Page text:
Last month when my parents were here visiting, my mom and I decided it was time to rescue my old doll collection from the cedar chest. These aren’t just any dolls. These dolls were handmade by my mom for me every Christmas when I was a little girl. We both looked forward to introducing them to Lauren, and hoped she would be excited. We must have tipped our hand because she showed no signs of being impressed.
Undeterred, we proceeded to strip and wash them and all their clothing. My mom took such care ironing and mending each dress and pinafore, re-braiding—and in some cases, re-attaching—hair, and re-dressing each one, bloomers, slips and all.
It felt good to be among these old friends again, fresh and clean, ready to start a new phase of life. It also felt good to see my girl sneaking into the chair with them and, when she thought no one was looking, introducing them to her other dolls.
We thoroughly enjoyed our camping trip at the coast last weekend—our last of the summer. Despite some surprisingly cool evenings and a bit of rain, we managed to put in a respectable amount of time on the beach. This is the third Labor Day weekend we’ve spent with our friends in the yurts at Nehalem Bay State Park. It’s becoming one of my favorite traditions. Although the campground is big and crowded and the sites are not at all private or remote, I still love this place. It is right near my favorite stretch of beach on the Oregon coast. I love the approach to this beach. I love the cool sand on our bare feet as we walk up the path, through the grasses, to the top of the dunes where the most breathtaking view reveals itself. I love to see the kids racing, tumbling down the soft hills of sand toward the beach and the ocean. I love looking back on the dunes from the beach once we’ve settled into our playing and relaxing. It’s quite thrilling.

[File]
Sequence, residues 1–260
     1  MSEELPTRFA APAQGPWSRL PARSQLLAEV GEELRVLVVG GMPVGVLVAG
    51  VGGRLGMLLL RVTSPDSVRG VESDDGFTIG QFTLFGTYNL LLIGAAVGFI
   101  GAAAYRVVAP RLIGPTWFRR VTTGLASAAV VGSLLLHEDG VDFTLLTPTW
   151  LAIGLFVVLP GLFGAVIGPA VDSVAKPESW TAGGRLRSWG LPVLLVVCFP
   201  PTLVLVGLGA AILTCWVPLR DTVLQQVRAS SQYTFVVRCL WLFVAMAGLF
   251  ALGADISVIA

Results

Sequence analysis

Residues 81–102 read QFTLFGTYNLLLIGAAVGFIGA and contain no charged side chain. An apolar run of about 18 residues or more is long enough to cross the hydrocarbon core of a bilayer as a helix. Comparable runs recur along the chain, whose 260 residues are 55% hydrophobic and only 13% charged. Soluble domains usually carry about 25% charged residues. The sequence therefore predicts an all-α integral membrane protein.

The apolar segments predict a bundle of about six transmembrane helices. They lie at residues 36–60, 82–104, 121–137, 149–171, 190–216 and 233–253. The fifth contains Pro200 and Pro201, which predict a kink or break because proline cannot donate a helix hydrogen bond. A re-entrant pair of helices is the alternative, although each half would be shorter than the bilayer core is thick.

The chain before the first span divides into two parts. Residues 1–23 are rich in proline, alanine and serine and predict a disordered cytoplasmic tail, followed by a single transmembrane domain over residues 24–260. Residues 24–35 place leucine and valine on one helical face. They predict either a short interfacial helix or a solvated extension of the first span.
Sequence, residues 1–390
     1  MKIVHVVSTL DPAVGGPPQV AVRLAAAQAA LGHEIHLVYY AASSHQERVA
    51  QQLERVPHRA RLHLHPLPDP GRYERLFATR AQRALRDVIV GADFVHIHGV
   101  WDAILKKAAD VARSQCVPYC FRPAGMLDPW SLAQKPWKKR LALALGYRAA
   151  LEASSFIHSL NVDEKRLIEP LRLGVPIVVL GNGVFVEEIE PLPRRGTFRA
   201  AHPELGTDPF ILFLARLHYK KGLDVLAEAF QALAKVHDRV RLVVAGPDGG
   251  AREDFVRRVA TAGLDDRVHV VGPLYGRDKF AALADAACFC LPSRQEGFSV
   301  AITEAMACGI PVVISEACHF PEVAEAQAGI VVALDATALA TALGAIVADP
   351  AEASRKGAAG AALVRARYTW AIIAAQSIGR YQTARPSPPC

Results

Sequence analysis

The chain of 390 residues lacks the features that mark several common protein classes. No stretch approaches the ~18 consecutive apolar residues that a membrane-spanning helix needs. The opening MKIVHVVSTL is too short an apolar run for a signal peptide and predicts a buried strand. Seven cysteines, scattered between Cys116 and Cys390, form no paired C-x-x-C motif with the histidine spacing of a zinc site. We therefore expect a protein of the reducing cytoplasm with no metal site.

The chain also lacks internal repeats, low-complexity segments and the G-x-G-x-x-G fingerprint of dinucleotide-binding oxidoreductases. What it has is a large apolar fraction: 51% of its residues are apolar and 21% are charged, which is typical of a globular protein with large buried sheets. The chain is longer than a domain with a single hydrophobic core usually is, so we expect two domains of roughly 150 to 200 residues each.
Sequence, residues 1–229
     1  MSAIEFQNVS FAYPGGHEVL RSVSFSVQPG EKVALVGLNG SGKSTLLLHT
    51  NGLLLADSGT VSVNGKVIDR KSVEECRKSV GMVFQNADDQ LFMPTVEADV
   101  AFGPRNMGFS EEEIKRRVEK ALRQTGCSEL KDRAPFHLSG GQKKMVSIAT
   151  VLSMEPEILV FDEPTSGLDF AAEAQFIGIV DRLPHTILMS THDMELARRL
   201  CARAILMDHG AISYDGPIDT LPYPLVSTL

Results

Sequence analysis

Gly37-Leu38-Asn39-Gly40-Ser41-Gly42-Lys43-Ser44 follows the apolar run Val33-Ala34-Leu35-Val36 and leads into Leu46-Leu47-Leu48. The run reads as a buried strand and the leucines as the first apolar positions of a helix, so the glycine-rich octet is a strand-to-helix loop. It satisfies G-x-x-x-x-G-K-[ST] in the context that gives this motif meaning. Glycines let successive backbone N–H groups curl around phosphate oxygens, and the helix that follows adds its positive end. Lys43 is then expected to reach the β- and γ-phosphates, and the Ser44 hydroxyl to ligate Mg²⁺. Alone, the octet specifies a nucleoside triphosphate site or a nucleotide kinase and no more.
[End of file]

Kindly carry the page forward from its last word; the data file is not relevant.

I’m not typically a big scratch cook while camping. Hot dogs over the fire, spaghetti noodles with (good) sauce from a jar or an assembled mezza platter are fine examples of my culinary offerings while in the great outdoors. But I’d been having such success with this book and the chowder recipe had been calling to me, so I decided to pack up all the ingredients and give it a try on the Coleman stove. The result was divine. It tasted exactly like summer in a bowl. All six of us practically licked the pot clean.
The funny thing about this soup is that it sort of takes you by surprise. The ingredient list isn’t particularly impressive, nor are the techniques—with the exception of simmering the naked cobs in the stock. It doesn’t look like anything special when served. But when you taste it, you realize it is special.
I made it again last night and although not as stunning, it was still very, very good. I think the difference was in the quality of the produce and the salt. Please do yourself and favor and get this book. Then make this recipe using the freshest, best quality ingredients you can get your hands on. You won’t be sorry.